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Compliance for Christmas: How Pentesting Speeds up PCI Compliance

‘Tis the season to be jolly — and not to be recovering from a security breach. Compliance for Christmas is the gift that keeps on giving to continually address security threats.

‘Tis the season to be jolly — and not to be recovering from a security breach. Compliance for Christmas is the gift that keeps on giving to continually address security threats. If your company stores, processes, or transmits cardholder data, the Payment Card Industry Data Security Standard (PCI DSS) is likely already on your radar.

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Image from PCI Security Standards Council

Payment Card Industry (PCI) compliance is an integral part of organizations where it’s necessary to stay up to date on the latest security standards and practices to ensure card payments remain protected. Having a pentest performed within the cardholder data environment (CDE) is an effective way of reviewing current security structure status to expose critical vulnerabilities.

What is a PCI pentest?

A PCI DSS pentest is a cybersecurity assessment examining the technical and operational components of a system that collects payment and cardholder data to ensure that they meet the PCI compliance standards.

PCI applies to organizations of all types that are responsible for processing card payments, such as:

  • Merchants
  • Processors
  • Acquirers
  • Issuers
  • Service providers

It’s relevant to also understand what level of compliance fits the varying needs of individual businesses.

Level 1: Businesses that process 6 million+ card transactions each year; Level 2: 1 to 6 million transactions/yr Level 3: 20,000 to 1 million transactions/yr Level 4: Fewer than 20,000 transactions/yr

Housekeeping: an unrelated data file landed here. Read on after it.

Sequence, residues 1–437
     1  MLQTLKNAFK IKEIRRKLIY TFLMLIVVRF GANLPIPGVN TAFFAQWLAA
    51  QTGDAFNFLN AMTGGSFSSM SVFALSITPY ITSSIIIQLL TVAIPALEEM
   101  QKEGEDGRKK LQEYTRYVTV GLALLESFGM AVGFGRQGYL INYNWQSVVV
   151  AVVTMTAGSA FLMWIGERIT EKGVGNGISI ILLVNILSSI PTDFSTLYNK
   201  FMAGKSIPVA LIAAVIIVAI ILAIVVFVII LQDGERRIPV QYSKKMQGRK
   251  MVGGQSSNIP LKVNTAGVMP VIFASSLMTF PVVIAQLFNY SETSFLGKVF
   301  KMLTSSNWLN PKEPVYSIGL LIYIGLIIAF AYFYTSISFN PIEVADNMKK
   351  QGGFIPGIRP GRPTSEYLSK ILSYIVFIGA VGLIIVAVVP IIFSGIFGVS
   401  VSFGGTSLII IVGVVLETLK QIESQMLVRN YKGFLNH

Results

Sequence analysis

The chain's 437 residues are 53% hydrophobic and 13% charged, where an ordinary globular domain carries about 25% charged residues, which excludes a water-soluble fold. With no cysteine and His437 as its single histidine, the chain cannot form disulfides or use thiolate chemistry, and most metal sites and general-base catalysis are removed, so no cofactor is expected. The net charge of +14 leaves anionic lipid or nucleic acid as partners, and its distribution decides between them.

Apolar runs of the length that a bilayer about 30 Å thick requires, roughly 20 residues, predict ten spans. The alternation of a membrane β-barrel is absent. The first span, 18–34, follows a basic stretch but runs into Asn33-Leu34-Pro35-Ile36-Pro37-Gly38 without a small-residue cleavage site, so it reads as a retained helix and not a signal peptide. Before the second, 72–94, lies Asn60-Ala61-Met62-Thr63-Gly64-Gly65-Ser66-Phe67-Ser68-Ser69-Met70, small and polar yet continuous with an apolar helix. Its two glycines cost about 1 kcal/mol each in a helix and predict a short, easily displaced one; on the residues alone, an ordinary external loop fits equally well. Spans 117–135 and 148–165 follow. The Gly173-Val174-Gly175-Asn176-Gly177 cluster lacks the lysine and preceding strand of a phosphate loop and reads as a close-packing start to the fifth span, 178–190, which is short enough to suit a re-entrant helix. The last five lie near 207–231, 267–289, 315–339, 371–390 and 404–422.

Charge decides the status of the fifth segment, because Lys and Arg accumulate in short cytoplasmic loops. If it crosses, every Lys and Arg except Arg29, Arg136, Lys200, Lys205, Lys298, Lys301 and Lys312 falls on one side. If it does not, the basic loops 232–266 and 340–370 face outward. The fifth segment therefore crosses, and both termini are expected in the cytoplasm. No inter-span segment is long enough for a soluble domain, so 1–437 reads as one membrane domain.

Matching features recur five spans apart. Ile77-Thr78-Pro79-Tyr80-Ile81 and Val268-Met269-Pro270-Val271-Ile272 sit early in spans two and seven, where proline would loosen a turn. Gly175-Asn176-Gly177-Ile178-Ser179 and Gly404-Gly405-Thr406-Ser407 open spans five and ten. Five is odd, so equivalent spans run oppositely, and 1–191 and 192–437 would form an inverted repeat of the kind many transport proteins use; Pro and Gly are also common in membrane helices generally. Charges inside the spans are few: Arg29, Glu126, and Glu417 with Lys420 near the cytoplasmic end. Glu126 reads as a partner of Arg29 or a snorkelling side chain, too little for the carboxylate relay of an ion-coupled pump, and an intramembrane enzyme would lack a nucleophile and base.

Meeting PCI compliance standards, no matter which level your organization fits into, reinforces a commitment to customers and protecting their sensitive data. Here are a few standards set by the PCI Security Standards Council to keep in mind:

  • Use strong passwords and change default passwords on hardware and software
  • Increase employee awareness about security and protecting cardholder data
  • Use password protection and encryption
  • Cover the entire cardholder data environment (CDE)
  • Include both network-layer and application-layer attacks

How does pentesting speed up PCI compliance?

Integrating pentesting into PCI compliance helps propel organizations forward and up to speed. A PCI DSS compliance pentest is comprised of scoping, discovery, evaluation, reporting, and retesting end to end from pentesters who put confidentiality, integrity, and availability of data at the forefront.

“PCI DSS Requirement 11.3.4 requires penetration testing to validate that segmentation controls and methods are operational, effective, and isolate all out-of-scope systems from systems in the CDE. Therefore, a robust approach to penetration testing is recommended to satisfy this requirement by actively attempting to identify routes and paths from networks outside the CDE into the CDE.” (Penetration Test Guidance Special Interest Group PCI Security Standards Council)

Cobalt provides pentests that follow PCI Security Standards Council requirements with qualified pentesters, robust methodologies, and reporting guidelines. Further, Cobalt helps organizations scale pentesting from compliance to a continuous program that provides valuable insights into their security posture.

“When we first went with Cobalt it was purely for PCI requirements but we were looking to scale our program and pentest on a more continuous basis. Cobalt gave us the ability to pentest on a frequent basis with minimum effort from our teams. Saving us time and providing us quality results on a consistent basis.” - Tushar Chandgothia, VP of Information Security and Risk Management at KUBRA

For more information on PCI pentesting and compliance, contact Cobalt today

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About Mary Elliott
Passionate about marketing and communications within the cybersecurity industry, Mary Elliott is a published writer who enjoys all things content marketing, copywriting/editing, and digital communications. More By Mary Elliott